Hemicrania continua also shares features of cluster headaches. For example, people who have it may have problems with how part of their nervous system works. That causes symptoms that happen on the painful side of the face and head, including:
Stuffy or runny nose
Nosebleeds (which are rare)
Tearing, redness, or irritation of the eyes
Some things tend to make symptoms worse, such as:
Changes in sleep patterns
About 10% of people have symptoms when they:
Feel pressure on their neck
Flex or rotate their neck
Doctors can make a diagnosis of hemicrania continua if you’ve had pain consistently, without it switching sides or disappearing even briefly, for at least 3 months.
Some anti-inflammatory medications ease hemicrania continua headaches. Indomethacin, a nonsteroidal anti-inflammatory drug (NSAID), often gives fast relief. One way doctors know that you have hemicrania continua is if your headaches go away after a dose of the drug. But some people may need more testing -- such as an MRI -- to look into their symptoms.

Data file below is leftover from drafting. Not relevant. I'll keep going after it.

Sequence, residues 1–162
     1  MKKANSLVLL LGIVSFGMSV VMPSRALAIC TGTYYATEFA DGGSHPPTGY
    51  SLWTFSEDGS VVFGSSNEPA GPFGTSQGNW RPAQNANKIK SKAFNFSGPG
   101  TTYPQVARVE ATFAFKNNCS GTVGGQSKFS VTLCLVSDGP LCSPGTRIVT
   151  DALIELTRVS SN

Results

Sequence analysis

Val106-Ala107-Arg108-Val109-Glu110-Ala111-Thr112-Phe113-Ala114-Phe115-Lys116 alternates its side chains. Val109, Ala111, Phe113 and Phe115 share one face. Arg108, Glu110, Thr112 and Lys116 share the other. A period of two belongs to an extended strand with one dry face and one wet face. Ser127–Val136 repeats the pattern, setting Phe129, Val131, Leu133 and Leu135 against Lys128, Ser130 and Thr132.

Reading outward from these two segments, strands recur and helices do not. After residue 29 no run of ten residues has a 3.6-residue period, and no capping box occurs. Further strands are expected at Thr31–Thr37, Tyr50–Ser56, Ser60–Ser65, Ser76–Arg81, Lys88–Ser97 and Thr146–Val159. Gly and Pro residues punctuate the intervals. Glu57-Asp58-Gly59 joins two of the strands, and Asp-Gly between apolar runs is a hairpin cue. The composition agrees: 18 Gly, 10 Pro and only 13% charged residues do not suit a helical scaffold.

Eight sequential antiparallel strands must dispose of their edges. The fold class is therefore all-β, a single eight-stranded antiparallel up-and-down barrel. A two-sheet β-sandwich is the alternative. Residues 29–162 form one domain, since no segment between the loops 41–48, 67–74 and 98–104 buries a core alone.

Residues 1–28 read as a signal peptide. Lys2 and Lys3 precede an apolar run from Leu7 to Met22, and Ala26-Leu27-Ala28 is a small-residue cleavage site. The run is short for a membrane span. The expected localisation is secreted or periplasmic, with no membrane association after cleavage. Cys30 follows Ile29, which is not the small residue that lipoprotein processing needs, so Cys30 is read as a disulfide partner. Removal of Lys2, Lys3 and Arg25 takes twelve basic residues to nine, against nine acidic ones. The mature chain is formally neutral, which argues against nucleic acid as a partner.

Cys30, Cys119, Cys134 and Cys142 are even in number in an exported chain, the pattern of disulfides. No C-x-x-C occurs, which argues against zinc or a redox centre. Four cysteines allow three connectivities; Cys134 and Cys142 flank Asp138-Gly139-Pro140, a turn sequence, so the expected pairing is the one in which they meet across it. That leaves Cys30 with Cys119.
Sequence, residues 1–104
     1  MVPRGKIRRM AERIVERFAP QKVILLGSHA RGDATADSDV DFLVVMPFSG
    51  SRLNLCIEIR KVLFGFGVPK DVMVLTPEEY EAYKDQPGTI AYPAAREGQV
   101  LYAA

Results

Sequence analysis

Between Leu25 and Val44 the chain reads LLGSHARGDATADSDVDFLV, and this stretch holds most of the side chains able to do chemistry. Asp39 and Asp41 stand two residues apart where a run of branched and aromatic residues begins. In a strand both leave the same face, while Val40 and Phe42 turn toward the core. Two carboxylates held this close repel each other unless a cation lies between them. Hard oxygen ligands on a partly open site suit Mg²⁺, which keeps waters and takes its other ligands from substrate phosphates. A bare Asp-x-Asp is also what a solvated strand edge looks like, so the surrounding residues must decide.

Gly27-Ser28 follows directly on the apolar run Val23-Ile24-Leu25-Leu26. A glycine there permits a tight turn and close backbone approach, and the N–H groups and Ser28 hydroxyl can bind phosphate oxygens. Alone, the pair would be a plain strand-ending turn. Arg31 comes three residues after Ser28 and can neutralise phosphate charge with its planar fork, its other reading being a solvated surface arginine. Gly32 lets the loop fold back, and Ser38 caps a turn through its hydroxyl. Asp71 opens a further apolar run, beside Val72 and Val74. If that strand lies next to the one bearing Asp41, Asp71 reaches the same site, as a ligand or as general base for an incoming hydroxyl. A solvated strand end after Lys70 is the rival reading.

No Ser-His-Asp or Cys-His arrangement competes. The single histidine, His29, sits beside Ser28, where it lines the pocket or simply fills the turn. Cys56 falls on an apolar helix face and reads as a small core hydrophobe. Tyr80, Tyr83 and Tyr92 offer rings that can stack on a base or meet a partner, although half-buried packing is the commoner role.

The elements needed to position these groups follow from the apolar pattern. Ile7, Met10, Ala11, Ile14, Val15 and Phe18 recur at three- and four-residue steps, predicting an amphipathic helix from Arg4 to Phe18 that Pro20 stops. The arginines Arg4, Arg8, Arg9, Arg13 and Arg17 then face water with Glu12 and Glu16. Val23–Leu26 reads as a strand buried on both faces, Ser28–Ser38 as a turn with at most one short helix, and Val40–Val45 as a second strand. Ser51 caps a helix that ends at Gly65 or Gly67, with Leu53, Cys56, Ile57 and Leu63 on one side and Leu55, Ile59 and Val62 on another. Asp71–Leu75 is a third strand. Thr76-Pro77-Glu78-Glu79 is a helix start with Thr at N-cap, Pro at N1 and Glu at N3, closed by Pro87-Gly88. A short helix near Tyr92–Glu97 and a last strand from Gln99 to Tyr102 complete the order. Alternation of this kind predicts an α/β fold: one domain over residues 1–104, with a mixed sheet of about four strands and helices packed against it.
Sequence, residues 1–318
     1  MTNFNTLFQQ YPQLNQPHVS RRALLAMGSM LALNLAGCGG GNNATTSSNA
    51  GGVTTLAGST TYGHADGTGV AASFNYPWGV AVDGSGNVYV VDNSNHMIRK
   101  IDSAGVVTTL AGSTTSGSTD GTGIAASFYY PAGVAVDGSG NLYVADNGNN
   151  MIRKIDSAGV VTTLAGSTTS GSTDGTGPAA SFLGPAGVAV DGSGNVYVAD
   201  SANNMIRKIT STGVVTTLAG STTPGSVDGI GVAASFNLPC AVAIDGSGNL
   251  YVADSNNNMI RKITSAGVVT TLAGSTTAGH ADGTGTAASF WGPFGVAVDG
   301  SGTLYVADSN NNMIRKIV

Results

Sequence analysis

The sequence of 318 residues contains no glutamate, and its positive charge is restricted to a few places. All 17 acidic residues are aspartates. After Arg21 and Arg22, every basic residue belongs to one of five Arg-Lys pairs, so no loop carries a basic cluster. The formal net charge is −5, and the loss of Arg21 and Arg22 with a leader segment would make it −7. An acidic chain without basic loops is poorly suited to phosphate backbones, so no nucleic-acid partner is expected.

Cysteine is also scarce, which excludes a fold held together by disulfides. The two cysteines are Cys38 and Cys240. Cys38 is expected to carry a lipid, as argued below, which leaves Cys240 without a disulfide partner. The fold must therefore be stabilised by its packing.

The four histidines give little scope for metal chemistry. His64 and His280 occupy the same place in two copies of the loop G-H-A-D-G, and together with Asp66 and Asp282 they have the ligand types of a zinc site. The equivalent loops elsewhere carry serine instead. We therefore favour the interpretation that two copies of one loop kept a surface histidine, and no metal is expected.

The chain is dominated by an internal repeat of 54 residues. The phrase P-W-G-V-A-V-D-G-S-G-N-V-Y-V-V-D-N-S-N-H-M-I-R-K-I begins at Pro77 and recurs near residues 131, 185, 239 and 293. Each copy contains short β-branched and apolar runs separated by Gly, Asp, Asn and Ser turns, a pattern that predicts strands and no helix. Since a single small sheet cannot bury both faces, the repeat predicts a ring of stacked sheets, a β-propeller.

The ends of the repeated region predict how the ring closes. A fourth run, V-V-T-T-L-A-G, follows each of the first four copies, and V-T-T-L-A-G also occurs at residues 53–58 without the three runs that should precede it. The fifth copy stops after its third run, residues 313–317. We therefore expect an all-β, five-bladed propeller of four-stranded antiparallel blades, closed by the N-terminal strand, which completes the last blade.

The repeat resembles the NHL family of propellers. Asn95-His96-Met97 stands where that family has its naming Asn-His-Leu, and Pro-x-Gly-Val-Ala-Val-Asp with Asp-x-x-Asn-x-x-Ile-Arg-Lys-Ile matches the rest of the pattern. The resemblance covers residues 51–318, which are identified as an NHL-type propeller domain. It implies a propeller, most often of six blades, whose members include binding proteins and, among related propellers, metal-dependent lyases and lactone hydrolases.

Daily doses of indomethacin for hemicrania continua typically range from 25 to 200 milligrams. A common side effect of the drug is irritation of the lining of the stomach and digestive tract. So, people who take it may also need medication to help their stomach make less acid.
If the side effects of indomethacin are too much for you, another NSAID, celecoxib, may also help.